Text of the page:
Brandy knew she wanted out of her marriage.
She’d married young, at age 20, and signed up for the Air Force, leaving her small town in southern Georgia for tours overseas in Germany and placements across the country. After the birth of her second child, she was diagnosed with bipolar disorder and retired from the military at 30 years old.
“We had to move home,” Brandy says, “My husband really resented that, and we were already on the road to divorce. Our sex life was never very good, and he was uncomfortable talking about [sex] or doing it.”
So Brandy turned to the website Ashley Madison, where married people looking to have discreet affairs can connect with one another. (The site gained notoriety in 2015 after a data breach revealed users’ personal information.) An affair would boost her own happiness and sexual satisfaction, she rationalized, thus keeping her family together. Brandy, who asked that MarieClaire.com refer to her by her middle name, sought out men from nearby towns, refusing anyone who lived in the same small town she did. They’d meet regularly, often checking into hotels and taking turns paying for the rooms. She’d stay only a few hours—never the night.
She turned to Ashley Madison as a way to fulfil her sexual needs without hurting her significant other.
Alicia Walker, Ph.D., an assistant professor of sociology at Missouri State University, recently authored a study that found that many women who use Ashley Madison share Brandy’s motivations. For her research, published last week in the Journal of Sexuality and Culture and first reported on MarieClaire.com, Walker surveyed people who had affairs through the Ashley Madison site and found that women reported increased life satisfaction at a higher rate than cheating men did.
And the affairs did make Brandy happy...for a time. Cheating allowed her to stay in her marriage longer, which she says was a priority for her, and it gave her the sexual connection she craved. Brandy estimates she had five different rather satisfying affairs over the course of two years.
“Females having affairs are more likely to be happy than men,” reports Walker. “It’s the ‘monogamy malaise.’ Existing research shows the longer women are in a sexual relationship, the more their desire drops over time, and they become less and less interested in having sex with their primary partner. However, if they take on a new partner, their sexual desire returns to its previous high level.”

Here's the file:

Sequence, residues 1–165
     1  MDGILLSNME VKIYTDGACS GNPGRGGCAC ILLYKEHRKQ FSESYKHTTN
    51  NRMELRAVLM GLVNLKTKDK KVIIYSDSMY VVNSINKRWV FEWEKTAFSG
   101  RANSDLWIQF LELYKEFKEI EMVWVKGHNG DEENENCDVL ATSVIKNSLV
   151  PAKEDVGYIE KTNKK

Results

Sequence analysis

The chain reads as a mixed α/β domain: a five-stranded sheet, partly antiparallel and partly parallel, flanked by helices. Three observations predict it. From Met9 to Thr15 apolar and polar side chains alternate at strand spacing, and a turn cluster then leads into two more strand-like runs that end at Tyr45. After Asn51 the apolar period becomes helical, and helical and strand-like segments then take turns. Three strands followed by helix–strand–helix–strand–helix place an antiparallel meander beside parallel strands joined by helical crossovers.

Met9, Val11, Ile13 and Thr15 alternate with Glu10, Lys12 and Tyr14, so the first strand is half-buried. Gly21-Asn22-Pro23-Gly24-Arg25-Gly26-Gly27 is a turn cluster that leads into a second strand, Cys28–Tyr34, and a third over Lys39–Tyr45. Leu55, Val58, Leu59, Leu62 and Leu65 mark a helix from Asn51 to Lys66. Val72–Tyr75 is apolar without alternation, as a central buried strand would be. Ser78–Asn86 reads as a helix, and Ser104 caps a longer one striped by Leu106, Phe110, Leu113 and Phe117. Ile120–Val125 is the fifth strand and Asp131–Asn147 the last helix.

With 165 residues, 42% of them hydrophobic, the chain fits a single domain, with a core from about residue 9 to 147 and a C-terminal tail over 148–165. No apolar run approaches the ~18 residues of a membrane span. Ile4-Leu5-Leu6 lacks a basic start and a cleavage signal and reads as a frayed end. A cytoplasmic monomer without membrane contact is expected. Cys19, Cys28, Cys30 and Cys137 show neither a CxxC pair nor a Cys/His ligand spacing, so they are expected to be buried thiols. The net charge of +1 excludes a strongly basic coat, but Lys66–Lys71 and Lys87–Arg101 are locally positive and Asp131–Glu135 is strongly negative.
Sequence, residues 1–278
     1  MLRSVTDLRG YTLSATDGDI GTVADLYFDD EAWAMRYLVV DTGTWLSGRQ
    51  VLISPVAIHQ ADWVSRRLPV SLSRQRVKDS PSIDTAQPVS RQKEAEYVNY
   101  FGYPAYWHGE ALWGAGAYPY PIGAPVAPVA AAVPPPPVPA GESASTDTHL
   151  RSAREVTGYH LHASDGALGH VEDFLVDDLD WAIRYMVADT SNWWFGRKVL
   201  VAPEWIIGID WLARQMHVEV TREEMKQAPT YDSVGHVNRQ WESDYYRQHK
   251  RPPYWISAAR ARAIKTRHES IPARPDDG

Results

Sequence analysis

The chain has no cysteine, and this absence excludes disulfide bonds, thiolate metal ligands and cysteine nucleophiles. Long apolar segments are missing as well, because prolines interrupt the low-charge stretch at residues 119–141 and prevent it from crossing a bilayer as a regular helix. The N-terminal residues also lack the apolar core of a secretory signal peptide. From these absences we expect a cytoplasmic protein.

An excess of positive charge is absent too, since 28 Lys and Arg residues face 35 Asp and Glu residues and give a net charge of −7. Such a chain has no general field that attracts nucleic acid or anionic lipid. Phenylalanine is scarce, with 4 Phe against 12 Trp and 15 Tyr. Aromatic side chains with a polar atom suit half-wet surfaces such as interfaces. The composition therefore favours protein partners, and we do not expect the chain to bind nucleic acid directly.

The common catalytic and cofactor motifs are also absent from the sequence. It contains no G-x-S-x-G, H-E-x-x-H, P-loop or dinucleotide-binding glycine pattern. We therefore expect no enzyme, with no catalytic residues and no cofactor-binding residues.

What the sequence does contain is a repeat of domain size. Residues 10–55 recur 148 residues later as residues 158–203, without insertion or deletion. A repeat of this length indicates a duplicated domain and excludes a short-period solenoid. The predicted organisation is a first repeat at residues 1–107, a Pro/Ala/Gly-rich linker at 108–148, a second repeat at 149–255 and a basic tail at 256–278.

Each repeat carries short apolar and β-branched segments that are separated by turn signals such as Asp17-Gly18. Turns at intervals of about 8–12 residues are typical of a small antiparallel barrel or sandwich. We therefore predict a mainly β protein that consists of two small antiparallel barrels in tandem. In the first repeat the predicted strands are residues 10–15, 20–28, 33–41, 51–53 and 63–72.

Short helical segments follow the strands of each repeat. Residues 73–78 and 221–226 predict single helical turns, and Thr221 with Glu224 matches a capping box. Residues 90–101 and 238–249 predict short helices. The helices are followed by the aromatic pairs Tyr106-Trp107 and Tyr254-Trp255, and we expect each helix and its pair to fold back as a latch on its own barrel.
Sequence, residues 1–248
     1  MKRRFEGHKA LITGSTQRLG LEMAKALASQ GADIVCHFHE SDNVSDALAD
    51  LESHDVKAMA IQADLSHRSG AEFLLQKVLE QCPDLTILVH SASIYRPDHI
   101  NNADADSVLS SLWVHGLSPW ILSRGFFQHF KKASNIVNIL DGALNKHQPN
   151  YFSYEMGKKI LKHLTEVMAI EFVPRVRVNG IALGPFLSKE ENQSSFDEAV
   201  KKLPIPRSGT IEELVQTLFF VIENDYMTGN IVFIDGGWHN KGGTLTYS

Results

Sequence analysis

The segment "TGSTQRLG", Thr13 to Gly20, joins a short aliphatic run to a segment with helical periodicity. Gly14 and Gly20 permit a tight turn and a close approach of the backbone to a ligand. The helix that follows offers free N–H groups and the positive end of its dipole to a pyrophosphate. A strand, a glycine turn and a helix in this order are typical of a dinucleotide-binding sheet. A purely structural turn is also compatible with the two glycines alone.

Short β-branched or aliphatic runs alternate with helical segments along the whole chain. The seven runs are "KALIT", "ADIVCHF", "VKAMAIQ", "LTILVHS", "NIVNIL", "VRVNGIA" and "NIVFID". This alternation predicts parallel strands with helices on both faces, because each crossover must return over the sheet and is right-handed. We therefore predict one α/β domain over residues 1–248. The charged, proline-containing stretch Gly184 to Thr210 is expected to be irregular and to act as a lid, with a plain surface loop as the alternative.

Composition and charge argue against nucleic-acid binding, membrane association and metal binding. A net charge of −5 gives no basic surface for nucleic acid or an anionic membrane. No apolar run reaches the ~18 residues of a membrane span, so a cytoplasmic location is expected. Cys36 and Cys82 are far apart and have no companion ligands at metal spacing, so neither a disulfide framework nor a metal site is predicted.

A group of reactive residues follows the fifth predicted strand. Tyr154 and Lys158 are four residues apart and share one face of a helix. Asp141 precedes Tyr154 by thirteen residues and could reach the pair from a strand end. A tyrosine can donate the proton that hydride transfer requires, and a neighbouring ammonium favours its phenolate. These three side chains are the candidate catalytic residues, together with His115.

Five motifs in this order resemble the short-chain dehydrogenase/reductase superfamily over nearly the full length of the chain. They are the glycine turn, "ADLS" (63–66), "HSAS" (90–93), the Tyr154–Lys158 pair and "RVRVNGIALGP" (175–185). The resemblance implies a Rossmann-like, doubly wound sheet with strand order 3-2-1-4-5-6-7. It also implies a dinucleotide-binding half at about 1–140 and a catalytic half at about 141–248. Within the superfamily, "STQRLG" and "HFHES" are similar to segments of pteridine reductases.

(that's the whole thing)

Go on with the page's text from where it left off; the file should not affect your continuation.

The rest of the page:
Jean, too, was unhappy in her three-year relationship. Her partner suffered from mental health issues, and Jean saw him through different doctors, medication changes, and self-commitment to a psychiatric facility. She stood by him as he withdrew from prescribed opiates.
But even as he made progress, Jean realized she wanted a separation; she also wanted to delay doing so until her boyfriend was more stable. The last year of their relationship had “zero intimacy” Jean says, and she was unhappy. So she turned to Ashley Madison as a way to fulfil her sexual needs without hurting her significant other (who never found out, she claims).
“The whole ordeal is not something I post on highway billboards,” Jean says, asking that MarieClaire.com use her nickname instead of her full name. “But I'm not necessarily ashamed either.” For Jean, the affair made her happier, it provided a coping mechanism that led to no harm and positive results. “The moral objections are subjective,” she maintains.
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